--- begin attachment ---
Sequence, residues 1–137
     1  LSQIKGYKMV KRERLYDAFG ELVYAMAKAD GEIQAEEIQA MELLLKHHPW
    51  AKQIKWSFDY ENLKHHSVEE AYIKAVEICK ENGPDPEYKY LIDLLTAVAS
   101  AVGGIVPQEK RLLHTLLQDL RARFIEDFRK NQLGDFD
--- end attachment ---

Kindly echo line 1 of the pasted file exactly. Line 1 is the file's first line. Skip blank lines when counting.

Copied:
Sequence, residues 1–137